Edison is best remembered for his invention of the light bulb and phonograph, but he held 1093 patents. Electricity, and all the resulting products to come, were on the horizon of unknown territory. He researched and extended everything he did to make sure that his inventions would be usable and marketable. His first invention was for a legislative vote recorder.  He was a millionaire by age 26. Astounding, when one considers that Edison was completely deaf in one ear and 80% deaf in the other ear. Maybe that is why he was so fascinated by sound machines, the phonograph, the dictaphone (picture above), a movie making enterprise, amplifying musical instruments, and so many other bits and parts of what we take for granted today.

Historians consider that perhaps his greatest invention was the industrial complex. He produced everything to make his inventions usable and marketable in his own production companies. He hired brilliant people, some of whom went on to great inventions and patents of their own. He hired women, Jews, Blacks. It didn't matter to him who you were as long as you had talent to contribute, unlike his friend and peer, Henry Ford, who was openly racist and anti-Semitic. It was  easy to respect this man who was not into self aggrandizement. He openly philosophized that people needed to try hard, work hard and never give up.

His wood shops, machine shops and industrial tools, molds and study center shows a fascinating picture of the way things worked. No safety measures, for instance. If a man lost a finger, or was chemically burned, he was no longer employable. There were no benefits or disability payments. Even so, in 1896 when a German Physicist invented the X-ray, Edison quickly set out to replicate his invention and then see what he could do to improve it and figure what other uses this invention could be applied to. His employee got sick in the process and Edison abandoned work on X-ray when he realized the illness was a result of work on that project. He labeled it dangerous and backed off.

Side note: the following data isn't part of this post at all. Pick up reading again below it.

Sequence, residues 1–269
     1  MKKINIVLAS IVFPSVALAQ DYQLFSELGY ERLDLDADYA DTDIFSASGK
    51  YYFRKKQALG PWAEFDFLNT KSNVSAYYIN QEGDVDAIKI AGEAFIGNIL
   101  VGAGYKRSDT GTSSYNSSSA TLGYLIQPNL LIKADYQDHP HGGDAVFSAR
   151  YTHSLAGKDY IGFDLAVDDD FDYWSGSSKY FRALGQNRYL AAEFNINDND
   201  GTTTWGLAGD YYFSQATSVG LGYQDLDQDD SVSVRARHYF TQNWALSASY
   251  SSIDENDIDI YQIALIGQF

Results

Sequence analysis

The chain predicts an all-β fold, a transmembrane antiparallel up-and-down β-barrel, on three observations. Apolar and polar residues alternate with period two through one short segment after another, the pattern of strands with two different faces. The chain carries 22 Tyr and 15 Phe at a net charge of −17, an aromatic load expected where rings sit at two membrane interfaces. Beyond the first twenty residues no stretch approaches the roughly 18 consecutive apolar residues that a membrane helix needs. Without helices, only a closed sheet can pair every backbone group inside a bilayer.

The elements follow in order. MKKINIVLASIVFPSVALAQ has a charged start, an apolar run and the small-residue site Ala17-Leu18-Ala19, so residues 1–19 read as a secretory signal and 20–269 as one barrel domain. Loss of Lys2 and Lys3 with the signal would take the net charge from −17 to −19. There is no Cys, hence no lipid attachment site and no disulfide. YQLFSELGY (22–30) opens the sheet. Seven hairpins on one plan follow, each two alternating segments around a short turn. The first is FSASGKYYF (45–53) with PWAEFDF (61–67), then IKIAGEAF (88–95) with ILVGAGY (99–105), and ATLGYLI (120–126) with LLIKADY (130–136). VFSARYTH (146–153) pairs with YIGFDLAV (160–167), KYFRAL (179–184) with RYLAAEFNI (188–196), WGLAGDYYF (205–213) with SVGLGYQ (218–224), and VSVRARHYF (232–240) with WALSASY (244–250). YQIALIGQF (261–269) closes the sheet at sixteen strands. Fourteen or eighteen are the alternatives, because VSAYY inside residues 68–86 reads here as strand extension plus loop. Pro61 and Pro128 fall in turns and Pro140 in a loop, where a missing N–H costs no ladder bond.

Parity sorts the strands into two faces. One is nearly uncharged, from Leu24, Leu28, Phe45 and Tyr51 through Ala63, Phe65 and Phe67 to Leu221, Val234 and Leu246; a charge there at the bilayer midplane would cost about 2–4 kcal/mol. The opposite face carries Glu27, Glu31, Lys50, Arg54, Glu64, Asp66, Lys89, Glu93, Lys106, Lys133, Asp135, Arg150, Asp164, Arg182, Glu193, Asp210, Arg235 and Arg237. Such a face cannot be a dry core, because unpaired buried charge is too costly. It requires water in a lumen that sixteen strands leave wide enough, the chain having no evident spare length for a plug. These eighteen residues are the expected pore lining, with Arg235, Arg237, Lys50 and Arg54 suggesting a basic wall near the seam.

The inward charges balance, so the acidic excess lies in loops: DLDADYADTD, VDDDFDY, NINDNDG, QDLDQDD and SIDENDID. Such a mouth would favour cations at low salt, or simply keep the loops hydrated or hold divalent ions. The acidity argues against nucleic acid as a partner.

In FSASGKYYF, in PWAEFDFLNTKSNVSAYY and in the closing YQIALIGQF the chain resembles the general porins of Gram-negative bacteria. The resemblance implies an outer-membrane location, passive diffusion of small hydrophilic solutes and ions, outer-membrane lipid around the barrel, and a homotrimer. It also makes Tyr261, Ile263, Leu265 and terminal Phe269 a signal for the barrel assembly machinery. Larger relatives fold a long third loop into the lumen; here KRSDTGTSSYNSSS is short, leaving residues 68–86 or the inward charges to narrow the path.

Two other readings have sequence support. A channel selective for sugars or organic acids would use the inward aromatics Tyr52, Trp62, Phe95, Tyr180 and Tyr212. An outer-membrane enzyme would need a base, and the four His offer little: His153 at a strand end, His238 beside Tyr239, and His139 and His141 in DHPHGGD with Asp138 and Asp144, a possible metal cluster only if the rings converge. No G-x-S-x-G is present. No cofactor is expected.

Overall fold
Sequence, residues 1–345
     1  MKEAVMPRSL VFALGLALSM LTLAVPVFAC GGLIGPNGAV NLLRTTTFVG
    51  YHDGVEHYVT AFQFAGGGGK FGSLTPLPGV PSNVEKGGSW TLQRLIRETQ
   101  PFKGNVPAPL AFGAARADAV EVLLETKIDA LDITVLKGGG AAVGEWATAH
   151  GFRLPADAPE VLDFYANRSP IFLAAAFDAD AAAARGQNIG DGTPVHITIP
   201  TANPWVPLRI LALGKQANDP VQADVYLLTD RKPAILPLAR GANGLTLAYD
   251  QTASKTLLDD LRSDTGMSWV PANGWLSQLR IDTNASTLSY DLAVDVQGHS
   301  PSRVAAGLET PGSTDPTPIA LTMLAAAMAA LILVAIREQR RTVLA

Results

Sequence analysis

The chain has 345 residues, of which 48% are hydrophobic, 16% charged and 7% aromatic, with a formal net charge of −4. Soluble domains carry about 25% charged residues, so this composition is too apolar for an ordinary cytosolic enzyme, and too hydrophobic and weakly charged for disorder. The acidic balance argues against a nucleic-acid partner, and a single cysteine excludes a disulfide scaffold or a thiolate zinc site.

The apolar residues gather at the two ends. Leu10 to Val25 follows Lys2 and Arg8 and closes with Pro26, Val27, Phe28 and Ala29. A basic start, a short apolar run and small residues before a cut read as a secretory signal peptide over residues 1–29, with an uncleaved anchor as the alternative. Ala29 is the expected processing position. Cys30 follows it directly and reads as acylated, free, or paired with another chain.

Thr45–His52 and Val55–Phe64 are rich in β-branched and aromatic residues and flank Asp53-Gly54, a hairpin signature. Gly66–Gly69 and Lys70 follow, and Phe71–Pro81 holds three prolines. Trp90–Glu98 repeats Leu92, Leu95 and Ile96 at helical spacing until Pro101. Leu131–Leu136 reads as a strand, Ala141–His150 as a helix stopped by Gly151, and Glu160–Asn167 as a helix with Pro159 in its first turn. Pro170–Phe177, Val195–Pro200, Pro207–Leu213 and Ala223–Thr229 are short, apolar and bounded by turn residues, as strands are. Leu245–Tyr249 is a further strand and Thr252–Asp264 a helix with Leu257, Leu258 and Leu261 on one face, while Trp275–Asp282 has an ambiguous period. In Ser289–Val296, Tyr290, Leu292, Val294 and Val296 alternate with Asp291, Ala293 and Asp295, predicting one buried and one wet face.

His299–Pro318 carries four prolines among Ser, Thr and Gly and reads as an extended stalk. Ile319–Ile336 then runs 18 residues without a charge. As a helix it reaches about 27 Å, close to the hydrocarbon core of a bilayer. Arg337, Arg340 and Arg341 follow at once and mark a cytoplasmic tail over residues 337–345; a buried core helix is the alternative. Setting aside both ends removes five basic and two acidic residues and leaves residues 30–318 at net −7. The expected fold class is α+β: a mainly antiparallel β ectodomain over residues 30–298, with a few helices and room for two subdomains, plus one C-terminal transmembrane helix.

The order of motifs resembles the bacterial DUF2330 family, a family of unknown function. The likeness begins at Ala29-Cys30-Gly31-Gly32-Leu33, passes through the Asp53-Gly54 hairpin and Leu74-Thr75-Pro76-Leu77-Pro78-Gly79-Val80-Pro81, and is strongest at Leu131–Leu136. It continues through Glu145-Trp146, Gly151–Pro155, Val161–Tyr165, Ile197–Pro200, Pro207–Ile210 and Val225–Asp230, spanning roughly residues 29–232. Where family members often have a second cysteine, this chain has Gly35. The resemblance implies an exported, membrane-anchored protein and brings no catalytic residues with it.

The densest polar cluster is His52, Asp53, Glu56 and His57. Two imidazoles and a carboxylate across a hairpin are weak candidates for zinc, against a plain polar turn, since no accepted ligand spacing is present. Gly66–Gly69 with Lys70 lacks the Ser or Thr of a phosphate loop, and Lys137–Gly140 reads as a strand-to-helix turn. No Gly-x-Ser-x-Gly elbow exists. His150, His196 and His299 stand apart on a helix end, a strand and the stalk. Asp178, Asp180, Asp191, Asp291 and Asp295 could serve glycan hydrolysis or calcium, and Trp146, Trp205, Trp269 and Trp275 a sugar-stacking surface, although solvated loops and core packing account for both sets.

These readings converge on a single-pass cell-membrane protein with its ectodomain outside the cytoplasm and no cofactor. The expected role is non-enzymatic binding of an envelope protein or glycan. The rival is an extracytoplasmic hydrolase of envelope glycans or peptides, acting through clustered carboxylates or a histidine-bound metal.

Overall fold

Typically, Edison would mentally configure a new invention, draw it and bring it to the shop and have the craftsmen build it, all the while fine tuning it as they went. He could sometimes work on 20 projects simultaneously that way. And, an employee might spark a new idea while working on the project.

This glob of material in his chemical building was a form of rubber he was working on at the time of his death at age 84. He had already produced a proto-type set of tires with rubber made from the goldenrod plant. He hoped to find a local source for rubber rather than import it from Asian. This museum has much to see. Working belt driven machines of all kinds. Extensive lab equipment, state of the art for its day. Many prototypes; five or more phonographs as he continually built, refined and produced cylinders to make his product usable. He was bested by the Victor Company who came out with a disk, and produced a cheaper machine. He felt quality was more important and lost millions on his superior product. I was fascinated by the lighted stairs in his complex.

Holes filled with a translucent material allows light from below to shine through as you walk. The whole complex is filled with innovative products and devices. Heaven for a mechanical junkie.

I enjoyed the tour through his personal estate, as well. He was wealthy and converted this gas lit building to
bare-bulbed, electrically lit, chandeliers. 
The chandeliers were different in every room. He could and did design fixtures with the bulbs inside the globe but liked to have them outside the globe as well.

Edison had six children, three by each wife. Mina Miller Edison raised them all. I liked this tender picture of him with his infant son. If you go, the museum is located in West Orange, NJ. The staff has demonstrations of his phonograph, movies he made, and plenty of insight into his life from the estimated 5 million documents, notes, letters, 10,000 artifacts. He was a giant of American innovation and industry.